By David Webster, Bishop’s University |
Seventy years ago, delegates from Canada, the United States and ten European governments fulfilled the dream of many policymakers in Ottawa as they signed the North Atlantic Treaty. Signed on 4 April 1949, the pact marks the birth of the North Atlantic Treaty Organization (NATO), formalized a little bit later. But it almost didn’t happen: a little-know colonial dispute threatened to throw it off track as the prospective alliance’s last member tangled with one of its smallest members.
Even before its birth, NATO was shaken by events in Asia, far outside its geographical area. Colonialism and cold war intertwined.
The dispute was the Indonesian revolution against efforts to re-impose Netherlands colonial rule. The Netherlands, a little northwest European country, was at odds with the United States, prospective kingpin of the North Atlantic alliance. As US pressure on the Netherlands to move towards decolonization in Indonesia mounted, the Dutch government threatened to withhold its signature from the treaty – and leave the new alliance stillborn.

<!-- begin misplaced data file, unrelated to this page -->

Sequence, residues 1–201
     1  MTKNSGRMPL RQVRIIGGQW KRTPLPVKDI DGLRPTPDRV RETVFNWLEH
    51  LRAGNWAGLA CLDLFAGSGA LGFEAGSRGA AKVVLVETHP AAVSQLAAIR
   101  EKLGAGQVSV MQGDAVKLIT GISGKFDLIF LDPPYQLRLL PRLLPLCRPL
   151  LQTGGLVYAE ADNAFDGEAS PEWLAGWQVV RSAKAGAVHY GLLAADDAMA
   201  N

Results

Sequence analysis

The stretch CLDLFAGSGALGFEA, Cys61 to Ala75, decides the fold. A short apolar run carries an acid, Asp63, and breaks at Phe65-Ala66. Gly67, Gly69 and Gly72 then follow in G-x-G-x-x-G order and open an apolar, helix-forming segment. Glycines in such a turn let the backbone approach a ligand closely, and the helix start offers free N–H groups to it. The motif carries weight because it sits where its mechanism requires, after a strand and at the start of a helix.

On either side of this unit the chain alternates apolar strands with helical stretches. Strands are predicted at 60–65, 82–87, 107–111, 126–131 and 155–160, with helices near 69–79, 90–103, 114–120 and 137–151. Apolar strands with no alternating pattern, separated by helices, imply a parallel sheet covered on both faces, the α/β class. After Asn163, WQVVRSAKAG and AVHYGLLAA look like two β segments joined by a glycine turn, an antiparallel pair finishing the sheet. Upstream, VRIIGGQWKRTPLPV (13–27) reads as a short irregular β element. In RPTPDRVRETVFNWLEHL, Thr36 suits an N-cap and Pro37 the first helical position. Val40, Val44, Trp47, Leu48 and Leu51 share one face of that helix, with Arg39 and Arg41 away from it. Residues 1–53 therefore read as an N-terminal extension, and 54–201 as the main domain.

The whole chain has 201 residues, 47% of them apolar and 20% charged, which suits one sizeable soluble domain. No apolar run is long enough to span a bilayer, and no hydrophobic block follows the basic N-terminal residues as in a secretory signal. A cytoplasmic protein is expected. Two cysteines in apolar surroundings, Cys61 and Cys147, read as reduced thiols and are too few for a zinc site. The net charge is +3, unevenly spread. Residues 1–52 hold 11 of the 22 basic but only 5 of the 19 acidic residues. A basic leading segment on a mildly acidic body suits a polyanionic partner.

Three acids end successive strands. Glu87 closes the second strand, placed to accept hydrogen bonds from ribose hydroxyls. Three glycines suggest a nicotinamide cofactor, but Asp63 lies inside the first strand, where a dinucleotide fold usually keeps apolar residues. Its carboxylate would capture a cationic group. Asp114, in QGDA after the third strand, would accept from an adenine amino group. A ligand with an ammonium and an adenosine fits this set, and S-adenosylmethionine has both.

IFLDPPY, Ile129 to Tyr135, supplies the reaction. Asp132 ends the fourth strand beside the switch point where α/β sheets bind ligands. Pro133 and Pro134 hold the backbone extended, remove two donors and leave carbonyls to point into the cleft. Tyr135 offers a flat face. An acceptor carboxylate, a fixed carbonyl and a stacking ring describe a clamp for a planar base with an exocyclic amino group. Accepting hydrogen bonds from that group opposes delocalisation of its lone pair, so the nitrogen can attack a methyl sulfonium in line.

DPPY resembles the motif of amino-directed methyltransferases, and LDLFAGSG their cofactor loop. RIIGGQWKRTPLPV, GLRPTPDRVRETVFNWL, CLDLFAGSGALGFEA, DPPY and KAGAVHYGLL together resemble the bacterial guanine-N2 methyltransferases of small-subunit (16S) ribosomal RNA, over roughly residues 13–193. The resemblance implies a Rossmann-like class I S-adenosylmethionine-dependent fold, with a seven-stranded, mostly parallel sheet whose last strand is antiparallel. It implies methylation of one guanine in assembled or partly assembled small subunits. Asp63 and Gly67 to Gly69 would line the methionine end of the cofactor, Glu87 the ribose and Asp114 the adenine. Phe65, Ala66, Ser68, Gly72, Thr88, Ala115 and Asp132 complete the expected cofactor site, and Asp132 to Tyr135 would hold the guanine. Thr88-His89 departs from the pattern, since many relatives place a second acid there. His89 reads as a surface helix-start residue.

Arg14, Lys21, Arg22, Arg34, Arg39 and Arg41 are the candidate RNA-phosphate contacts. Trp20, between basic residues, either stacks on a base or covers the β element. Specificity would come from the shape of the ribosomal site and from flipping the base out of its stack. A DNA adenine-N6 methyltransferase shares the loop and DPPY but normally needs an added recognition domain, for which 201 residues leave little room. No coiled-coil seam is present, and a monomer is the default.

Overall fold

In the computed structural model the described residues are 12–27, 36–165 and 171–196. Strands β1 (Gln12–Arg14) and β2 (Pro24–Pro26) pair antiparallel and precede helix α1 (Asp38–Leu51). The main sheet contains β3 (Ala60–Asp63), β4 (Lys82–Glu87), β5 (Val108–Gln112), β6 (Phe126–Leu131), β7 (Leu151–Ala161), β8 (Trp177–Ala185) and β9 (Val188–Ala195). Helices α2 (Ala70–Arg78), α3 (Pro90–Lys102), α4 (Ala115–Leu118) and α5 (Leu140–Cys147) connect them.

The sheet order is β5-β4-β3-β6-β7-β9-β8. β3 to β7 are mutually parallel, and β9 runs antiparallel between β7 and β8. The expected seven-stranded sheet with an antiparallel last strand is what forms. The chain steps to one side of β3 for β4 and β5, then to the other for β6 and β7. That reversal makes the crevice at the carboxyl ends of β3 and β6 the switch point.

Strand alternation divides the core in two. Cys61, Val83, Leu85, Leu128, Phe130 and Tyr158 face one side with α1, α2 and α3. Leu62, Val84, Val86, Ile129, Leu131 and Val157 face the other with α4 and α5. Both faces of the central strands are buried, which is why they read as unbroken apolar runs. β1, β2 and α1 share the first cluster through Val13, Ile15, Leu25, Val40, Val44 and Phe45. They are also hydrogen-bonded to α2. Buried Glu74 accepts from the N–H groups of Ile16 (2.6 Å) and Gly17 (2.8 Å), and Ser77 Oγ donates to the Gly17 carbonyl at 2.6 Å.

Indonesian nationalists declared their country’s independence when it was still under Japanese wartime control, in 1945. Days later, and with no apparent awareness of the proclamation, Canada authorized a loan for the Dutch East Indies of $15-million (alongside another loan for the Netherlands itself of $25-million). By the end of the year, Canada had equipped one of the three Dutch army divisions. It would not be long until the Dutch were fighting a war against Indonesian independence. There was no particular Canadian malice towards Indonesian independence – Canada took very little interest one way or the other on the question. Rather, Canadian ignorance and indifference towards Indonesia revealed that Ottawa’s priorities lay across the Atlantic, with Asia an afterthought.